I hear all too often from companies that are eager to keep up with the competition and jump into partner relationships with little advance planning or process definition. The partnerships become a series of ad hoc actions with no specific goals or program infrastructure to support partner commitment or growth. To encourage more positive outcomes, audit existing partner program infrastructure to support current and planned routes to market and determine if you have the right program tiers and benefits to support various partner types. Once program support is in place, there are different keys to engaging specific partner types.  For example, to successfully engage a managed services provider partner, a supplier must enable the partner to market and sell a new paradigm solution. Partnering with ISVs requires suppliers to collaborate with these partners at multiple levels and advocate for their offerings. To support born-in-the-cloud partners, changes to incentive programs and a focus around customer lifecycle, customer success and renewals may be required.

In order to gain back some much-needed sleep, channel marketing leaders must assess the applicability of specific marketing approaches within their partner ecosystem while recognizing the importance of partner selection to successful program implementation. Aligning incentives, communications, processes, training and relationships to that specific partner type are the keys to channel marketing program success.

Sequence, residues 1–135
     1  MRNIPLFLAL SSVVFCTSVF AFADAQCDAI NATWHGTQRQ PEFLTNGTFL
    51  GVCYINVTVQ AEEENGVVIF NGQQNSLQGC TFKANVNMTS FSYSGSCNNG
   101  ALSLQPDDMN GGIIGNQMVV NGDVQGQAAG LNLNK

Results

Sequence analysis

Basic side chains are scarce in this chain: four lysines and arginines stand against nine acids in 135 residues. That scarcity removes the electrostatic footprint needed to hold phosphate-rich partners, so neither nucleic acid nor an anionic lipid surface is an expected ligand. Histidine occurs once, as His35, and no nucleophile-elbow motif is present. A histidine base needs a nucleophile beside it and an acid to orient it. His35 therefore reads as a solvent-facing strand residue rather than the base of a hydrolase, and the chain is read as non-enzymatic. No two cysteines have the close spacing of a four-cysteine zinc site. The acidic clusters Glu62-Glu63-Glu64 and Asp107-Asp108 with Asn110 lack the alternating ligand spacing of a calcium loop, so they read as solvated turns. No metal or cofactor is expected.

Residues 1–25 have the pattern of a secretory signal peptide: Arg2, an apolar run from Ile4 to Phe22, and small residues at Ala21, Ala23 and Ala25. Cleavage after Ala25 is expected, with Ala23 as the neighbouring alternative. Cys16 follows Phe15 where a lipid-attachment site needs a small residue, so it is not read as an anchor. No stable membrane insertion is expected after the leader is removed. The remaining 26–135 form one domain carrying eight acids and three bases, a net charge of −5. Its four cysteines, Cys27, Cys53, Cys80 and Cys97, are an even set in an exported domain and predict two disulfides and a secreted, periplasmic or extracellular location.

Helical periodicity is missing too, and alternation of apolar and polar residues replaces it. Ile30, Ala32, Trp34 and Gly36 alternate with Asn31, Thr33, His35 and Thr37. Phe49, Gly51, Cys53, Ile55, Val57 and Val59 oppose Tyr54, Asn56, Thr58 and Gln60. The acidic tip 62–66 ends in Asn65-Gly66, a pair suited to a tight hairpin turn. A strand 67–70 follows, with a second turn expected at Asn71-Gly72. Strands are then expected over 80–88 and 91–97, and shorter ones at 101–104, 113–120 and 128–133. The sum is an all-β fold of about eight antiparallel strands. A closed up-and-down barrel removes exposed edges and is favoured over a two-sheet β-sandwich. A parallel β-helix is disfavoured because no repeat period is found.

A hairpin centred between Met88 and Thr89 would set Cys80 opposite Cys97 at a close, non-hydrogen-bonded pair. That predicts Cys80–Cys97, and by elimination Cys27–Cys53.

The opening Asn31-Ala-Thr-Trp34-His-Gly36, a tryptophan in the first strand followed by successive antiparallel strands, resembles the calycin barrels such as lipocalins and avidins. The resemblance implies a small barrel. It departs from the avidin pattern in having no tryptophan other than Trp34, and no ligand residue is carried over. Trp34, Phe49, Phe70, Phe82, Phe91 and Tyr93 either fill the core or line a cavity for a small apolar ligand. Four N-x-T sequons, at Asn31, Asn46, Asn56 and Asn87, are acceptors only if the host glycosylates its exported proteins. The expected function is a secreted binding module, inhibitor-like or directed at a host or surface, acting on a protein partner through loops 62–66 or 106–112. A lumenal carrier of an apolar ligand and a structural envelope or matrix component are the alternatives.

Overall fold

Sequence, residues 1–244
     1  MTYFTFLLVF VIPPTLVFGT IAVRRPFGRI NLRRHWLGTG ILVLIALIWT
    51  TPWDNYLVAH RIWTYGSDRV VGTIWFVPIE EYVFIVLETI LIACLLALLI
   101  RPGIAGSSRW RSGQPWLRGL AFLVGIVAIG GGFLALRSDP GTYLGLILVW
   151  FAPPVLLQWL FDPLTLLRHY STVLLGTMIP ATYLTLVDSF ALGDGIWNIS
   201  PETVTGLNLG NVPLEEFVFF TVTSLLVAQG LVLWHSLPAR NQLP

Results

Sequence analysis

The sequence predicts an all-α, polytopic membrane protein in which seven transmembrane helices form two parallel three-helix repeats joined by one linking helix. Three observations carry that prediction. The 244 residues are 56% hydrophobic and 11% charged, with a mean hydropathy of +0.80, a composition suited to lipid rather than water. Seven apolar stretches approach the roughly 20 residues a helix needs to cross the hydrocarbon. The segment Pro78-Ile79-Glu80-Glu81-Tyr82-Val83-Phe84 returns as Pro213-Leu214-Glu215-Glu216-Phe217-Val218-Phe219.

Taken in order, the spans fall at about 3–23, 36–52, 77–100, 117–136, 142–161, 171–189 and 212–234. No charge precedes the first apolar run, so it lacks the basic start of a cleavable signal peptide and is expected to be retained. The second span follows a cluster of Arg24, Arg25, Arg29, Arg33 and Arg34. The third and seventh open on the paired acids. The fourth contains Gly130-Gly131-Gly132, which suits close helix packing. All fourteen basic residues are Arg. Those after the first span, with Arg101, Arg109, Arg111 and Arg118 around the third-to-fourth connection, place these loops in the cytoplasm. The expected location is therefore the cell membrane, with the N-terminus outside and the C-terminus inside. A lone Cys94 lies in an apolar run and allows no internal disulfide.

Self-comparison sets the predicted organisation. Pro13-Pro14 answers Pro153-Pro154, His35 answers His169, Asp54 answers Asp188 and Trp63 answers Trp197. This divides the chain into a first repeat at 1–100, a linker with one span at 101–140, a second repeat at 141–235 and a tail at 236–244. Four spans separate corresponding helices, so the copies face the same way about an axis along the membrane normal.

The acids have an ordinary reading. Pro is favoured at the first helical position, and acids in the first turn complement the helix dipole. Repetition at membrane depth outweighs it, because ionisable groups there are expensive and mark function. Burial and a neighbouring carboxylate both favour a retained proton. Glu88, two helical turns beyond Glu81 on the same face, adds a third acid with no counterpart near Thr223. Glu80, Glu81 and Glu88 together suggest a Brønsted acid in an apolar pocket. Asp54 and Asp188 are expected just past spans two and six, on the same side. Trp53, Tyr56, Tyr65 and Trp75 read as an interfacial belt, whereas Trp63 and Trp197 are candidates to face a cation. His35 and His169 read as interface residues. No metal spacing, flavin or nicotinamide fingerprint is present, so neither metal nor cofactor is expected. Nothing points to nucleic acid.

Interested in learning more? Be sure to join us at Summit 2016 to gain insight into top issues channel leaders are facing today. Please also check out my Summit analyst picks for channel marketing leaders here!

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Maria Chien

Maria Chien is the Service Director of Channel Marketing Strategies at SiriusDecisions. She has 20 years of experience in partner/channel marketing, field marketing and solutions marketing, with hands-on expertise in partner and sales enablement, value proposition and sales tool development, and sales engagement. Follow Maria on Twitter at @mariachien.